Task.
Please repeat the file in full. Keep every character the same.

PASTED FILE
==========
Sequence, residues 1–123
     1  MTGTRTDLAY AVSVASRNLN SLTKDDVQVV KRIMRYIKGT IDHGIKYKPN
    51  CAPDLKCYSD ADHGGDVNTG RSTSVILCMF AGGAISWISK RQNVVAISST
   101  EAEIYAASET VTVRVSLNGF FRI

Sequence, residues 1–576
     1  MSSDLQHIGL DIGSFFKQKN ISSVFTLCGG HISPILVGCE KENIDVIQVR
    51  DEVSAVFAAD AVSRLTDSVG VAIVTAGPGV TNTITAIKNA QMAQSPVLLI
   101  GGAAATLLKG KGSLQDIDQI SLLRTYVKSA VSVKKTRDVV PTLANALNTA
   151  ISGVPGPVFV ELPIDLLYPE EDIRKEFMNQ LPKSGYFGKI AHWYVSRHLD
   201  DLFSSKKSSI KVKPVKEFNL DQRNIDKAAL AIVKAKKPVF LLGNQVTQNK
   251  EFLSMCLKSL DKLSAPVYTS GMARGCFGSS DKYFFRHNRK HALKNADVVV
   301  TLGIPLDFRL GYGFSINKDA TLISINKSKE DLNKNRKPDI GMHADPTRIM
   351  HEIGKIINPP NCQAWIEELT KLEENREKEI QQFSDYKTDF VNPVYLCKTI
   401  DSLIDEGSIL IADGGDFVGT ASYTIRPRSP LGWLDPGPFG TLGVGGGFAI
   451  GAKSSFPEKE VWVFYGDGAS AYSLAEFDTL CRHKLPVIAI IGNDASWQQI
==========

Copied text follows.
Sequence, residues 1–123
     1  MTGTRTDLAY AVSVASRNLN SLTKDDVQVV KRIMRYIKGT IDHGIKYKPN
    51  CAPDLKCYSD ADHGGDVNTG RSTSVILCMF AGGAISWISK RQNVVAISST
   101  EAEIYAASET VTVRVSLNGF FRI

Sequence, residues 1–576
     1  MSSDLQHIGL DIGSFFKQKN ISSVFTLCGG HISPILVGCE KENIDVIQVR
    51  DEVSAVFAAD AVSRLTDSVG VAIVTAGPGV TNTITAIKNA QMAQSPVLLI
   101  GGAAATLLKG KGSLQDIDQI SLLRTYVKSA VSVKKTRDVV PTLANALNTA
   151  ISGVPGPVFV ELPIDLLYPE EDIRKEFMNQ LPKSGYFGKI AHWYVSRHLD
   201  DLFSSKKSSI KVKPVKEFNL DQRNIDKAAL AIVKAKKPVF LLGNQVTQNK
   251  EFLSMCLKSL DKLSAPVYTS GMARGCFGSS DKYFFRHNRK HALKNADVVV
   301  TLGIPLDFRL GYGFSINKDA TLISINKSKE DLNKNRKPDI GMHADPTRIM
   351  HEIGKIINPP NCQAWIEELT KLEENREKEI QQFSDYKTDF VNPVYLCKTI
   401  DSLIDEGSIL IADGGDFVGT ASYTIRPRSP LGWLDPGPFG TLGVGGGFAI
   451  GAKSSFPEKE VWVFYGDGAS AYSLAEFDTL CRHKLPVIAI IGNDASWQQI